All DBR requires in order to provide you with an accurate assessment of your capacities and schedules in an “approximately right” (maybe, slightly liberal) estimate of the processing time on your system’s CCR(s)—capacity constrained resource(s). The CCR becomes the “drum,” setting the pace for all other operations, and a “rope” ties the drum to other operations. The “rope” is actually a time buffer, which becomes a buffer of inventory (in some cases). (Inventory is simply a way of storing the combination of time and capacity it took to produce the inventory.)


In a simplified schematic, DBR takes your operations, and they turn out looking like this:

DBR scenarios


A quick assessment of your shop floor has suggested to me that you have a flexible workforce that may be assigned to various work centers or work orders on an as-needed basis. If that is true, then the “Shipping Buffer” model would probably be most appropriate in your circumstances (provided, of course, that your wave solder machine, for example, does not become an internal CCR at any point).


Using the “shipping buffer” model, your total capacity could be calculated as the total number of working hours (man-hours) available for production work over any given period of time.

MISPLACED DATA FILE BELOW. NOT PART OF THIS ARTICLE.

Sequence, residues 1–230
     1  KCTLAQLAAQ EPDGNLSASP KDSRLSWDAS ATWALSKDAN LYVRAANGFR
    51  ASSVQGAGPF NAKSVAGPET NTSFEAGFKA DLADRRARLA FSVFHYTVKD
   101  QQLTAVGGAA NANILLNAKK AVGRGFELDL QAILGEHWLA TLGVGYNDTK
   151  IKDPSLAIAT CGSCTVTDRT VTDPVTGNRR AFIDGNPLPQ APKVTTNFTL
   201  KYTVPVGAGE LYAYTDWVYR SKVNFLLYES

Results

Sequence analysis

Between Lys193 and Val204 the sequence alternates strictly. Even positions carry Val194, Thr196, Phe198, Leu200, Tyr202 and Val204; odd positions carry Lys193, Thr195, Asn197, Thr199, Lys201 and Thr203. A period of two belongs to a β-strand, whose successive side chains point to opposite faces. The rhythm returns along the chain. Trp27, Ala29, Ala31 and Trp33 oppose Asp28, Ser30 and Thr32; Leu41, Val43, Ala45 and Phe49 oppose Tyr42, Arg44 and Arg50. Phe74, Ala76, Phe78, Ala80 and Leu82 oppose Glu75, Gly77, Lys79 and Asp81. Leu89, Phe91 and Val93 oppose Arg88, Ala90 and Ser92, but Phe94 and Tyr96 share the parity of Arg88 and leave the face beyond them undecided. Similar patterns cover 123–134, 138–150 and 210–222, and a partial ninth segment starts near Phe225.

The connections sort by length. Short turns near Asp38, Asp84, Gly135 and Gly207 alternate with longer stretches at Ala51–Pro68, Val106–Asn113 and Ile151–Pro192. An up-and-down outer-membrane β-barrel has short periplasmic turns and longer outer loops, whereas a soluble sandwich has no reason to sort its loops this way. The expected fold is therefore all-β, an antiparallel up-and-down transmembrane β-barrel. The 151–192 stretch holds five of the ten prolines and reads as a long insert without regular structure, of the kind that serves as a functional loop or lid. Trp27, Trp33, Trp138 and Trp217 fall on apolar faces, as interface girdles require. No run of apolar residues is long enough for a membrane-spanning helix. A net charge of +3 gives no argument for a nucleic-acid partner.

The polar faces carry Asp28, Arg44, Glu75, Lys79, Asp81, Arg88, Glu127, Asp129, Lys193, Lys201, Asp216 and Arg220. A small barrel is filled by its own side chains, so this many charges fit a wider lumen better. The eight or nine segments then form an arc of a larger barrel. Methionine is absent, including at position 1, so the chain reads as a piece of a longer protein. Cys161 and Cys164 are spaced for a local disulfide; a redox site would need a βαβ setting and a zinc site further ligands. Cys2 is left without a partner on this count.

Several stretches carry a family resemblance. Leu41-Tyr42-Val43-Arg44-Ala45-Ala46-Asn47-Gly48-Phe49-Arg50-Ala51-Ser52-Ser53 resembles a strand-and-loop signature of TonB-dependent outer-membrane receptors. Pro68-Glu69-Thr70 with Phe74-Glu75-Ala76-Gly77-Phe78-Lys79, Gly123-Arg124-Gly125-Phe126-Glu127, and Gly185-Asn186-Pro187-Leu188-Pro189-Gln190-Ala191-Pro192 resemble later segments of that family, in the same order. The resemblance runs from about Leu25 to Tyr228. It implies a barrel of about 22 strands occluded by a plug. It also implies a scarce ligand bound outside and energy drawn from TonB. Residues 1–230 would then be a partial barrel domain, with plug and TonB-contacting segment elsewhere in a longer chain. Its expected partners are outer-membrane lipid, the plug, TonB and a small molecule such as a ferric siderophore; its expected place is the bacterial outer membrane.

The shop floor load can be calculated as the sum of number of units * drum-hours per unit of production time. In your case, your “drum-hours” would be an “approximately right” or “safe estimate” of the time it takes for shop floor processing, plus any other task-related times.

Buffer - Day 1


Calculation of the load is pretty simple and, since [your ERP system] doesn’t do this natively, it could be done in Microsoft® Excel™ using data extracted via Excel’s data access capabilities from [your ERP database]. It might look something like this:

Drum Schedule as Table

In your case, “drum-hours” would be the total estimated load on your shop floor (as depicted in the “Constraint is the Market” scenario in the first diagram).